By Simonetta Moro, Vice President for Academic Affairs; Director of the School.
Does a city actually generate ideas? Or is the melting pot […] just a place where those with ideas congregate? Which is to say, is a city merely a place where ideas come to fruition, brought in by outsiders—nomads—who are looking for a place to express themselves? (Mike Adams, 2nd Year IDSVA student)
This and other questions, in the spirit of IDSVA’s ethos of inquiry, were front and center during our summer residencies, and particularly in Istanbul, introduced for the first time as a residency site in the summer of 2014. The reference to the nomads is not accidental, but stems from the readings students do prior to their arrival in Istanbul, and further solicited by two lectures given by world-renowned philosopher and cultural theorist Sylvère Lotringer, founder of Semiotext(e), under the title “T. E. Lawrence and Nomadology: The War Machine.”
These lectures took off from Lotringer’s critique of Lawrence’s Seven Pillars of Wisdom in relation to the theoretical work of Deleuze & Guattari as elaborated in particular in their seminal text A Thousand Plateaus. They had a particular resonance in Istanbul, a city that IDSVA identifies on the Topological Studies curriculum as Transhistorical, an apt denomination for a place spanning two continents, Europe and Asia, whose history stretches across nearly 2400 years, assuming different names during its long existence: Byzantium, Constantinople, Istanbul…
The city on the Bosporus closes the circle of the Topological Studies curriculum that starts with the Ancient World (Rome), goes through the Feudal-Agrarian paradigm (Spannocchia Castle), the Medieval-Urban town (Siena), the Renaissance city (Florence), the Baroque-Global commerce site (Venice), the Neoclassical-Early Industrial city (Berlin), the Bourgeois city (Paris), the Post-Industrial city (New York), and ends with the Transhistorical city (Istanbul).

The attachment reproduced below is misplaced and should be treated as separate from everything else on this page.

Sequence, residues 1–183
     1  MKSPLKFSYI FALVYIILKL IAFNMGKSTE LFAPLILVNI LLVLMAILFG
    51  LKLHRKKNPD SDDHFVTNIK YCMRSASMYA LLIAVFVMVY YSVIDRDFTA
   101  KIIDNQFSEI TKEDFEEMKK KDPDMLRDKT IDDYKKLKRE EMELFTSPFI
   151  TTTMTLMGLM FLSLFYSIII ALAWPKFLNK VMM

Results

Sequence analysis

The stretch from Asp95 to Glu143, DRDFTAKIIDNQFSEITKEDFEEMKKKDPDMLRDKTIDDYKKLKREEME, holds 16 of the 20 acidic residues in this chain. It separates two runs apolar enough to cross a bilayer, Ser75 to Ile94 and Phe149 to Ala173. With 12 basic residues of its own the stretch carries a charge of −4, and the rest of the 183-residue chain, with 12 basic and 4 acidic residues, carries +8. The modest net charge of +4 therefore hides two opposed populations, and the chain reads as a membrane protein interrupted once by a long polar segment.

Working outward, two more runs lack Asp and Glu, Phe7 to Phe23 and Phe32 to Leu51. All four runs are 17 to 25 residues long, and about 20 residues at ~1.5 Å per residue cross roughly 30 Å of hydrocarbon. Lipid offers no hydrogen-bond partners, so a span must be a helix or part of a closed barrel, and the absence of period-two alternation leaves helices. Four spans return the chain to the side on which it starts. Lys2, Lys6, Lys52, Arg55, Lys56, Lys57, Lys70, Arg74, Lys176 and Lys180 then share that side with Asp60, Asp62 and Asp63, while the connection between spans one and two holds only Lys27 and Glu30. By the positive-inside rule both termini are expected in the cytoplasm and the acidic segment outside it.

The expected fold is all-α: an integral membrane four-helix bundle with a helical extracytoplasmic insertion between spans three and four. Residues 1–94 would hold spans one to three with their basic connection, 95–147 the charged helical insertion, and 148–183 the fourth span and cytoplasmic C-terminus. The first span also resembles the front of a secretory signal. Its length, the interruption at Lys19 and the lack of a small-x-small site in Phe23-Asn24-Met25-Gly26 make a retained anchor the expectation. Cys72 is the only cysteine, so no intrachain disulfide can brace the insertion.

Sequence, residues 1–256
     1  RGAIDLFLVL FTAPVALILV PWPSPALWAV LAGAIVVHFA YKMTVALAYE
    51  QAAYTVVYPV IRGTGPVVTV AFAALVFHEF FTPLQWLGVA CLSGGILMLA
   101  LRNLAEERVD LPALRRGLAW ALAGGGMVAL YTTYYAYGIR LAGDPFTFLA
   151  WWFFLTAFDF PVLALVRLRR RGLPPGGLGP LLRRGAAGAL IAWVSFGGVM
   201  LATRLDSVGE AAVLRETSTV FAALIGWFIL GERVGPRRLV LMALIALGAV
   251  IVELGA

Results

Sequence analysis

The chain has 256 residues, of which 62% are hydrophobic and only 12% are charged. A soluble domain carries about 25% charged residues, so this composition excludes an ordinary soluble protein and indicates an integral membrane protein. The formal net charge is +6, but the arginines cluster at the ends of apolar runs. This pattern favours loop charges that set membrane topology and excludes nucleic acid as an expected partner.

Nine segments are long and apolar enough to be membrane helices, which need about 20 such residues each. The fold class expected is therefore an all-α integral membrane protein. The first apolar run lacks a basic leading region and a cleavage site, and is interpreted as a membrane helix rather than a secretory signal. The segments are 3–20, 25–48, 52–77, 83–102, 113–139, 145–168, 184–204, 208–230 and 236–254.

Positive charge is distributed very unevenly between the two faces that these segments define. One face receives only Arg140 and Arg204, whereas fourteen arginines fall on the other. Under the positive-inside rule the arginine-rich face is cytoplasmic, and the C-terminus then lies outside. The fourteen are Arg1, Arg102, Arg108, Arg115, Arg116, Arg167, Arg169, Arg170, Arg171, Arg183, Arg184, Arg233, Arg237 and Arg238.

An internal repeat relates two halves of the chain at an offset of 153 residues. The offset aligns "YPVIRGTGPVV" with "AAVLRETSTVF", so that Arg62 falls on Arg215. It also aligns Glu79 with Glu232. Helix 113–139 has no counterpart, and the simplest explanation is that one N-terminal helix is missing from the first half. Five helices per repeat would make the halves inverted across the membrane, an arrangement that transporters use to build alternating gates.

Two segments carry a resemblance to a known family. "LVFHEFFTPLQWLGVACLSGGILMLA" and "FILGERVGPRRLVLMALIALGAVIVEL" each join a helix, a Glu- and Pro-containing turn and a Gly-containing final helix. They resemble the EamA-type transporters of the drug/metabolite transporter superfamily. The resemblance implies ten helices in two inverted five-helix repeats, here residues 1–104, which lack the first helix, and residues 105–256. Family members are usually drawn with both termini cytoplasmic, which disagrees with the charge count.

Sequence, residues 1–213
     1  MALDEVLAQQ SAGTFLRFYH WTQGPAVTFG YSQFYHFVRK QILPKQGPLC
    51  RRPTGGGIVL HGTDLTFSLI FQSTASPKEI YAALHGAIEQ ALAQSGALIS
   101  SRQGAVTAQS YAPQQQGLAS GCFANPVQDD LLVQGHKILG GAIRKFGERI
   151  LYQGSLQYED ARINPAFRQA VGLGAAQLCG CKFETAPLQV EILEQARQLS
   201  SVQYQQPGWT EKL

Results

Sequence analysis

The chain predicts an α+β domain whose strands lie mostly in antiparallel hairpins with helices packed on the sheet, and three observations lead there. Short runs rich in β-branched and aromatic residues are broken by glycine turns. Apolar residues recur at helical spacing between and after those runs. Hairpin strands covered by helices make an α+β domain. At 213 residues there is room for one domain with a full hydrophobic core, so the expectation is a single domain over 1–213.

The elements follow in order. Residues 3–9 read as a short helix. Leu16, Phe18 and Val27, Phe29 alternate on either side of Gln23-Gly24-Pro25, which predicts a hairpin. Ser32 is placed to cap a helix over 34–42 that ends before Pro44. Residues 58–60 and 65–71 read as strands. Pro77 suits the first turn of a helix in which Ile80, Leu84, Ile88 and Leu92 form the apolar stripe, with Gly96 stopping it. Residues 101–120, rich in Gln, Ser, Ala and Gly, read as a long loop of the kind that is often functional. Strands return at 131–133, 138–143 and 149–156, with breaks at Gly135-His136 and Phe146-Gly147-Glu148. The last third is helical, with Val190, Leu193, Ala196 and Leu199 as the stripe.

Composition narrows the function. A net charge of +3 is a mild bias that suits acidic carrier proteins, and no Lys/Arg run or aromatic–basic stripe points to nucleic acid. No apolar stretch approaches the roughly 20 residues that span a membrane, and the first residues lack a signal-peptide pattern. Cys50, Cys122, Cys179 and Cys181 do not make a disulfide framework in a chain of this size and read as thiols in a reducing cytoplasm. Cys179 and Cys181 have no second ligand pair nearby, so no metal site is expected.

Through the ages, the city has been at the centre of a vast network of commercial roads linking Europe with the Middle east and the far East, the Mediterranean with the Black Sea, becoming a receptacle of different cultures and populations, as it is manifested in its architecture, its landmarks and its artifacts. Today Istanbul is gaining prominence in the international scene, and particularly in the art scene, thanks to its many cultural institutions and events. IDSVA students experienced first hand all these different dimensions of Istanbul’s topology by visiting historical and religious sites of the Old City in Sultanahmet (such as the Topkapi Palace, the Archaeological museum, the Blue Mosque and the Hagia Sophia), the bustling streets of the New City with vestiges of the old European neighborhoods and architecture, contemporary galleries and quintessential places like Orhan Pamuk’s Museum of Innocence, or again the Asian side of the city where they were offered an exclusive insight into Art Factory, a most impressive contemporary art institution directed by Dila Kabakci, and featuring local and international artists. In this occasion, Sylvère Lotringer gave a lecture on the history of Semiotext(e) and its role in introducing French theory to the American public, and how that in itself is an act of nomadic thinking, a disrupting agent that breaks the homogeneity of smooth space.
There are no actual walls defining boundaries, but separation exists in thought. [ . . . ] Sylvère suggests that making change in these conditions means existing in opposition, using our external space as a tool. In this way, acting through nomadic thought means using space to connect with the idea and transmitting it to others. This is a constant struggle because thresholds of space welcome the dominant, privileging their status and mobility toward greater purity. Our goal is to continue the idea in resistance to structures that stop it. (Paige Lunde, 2nd Year IDSVA student).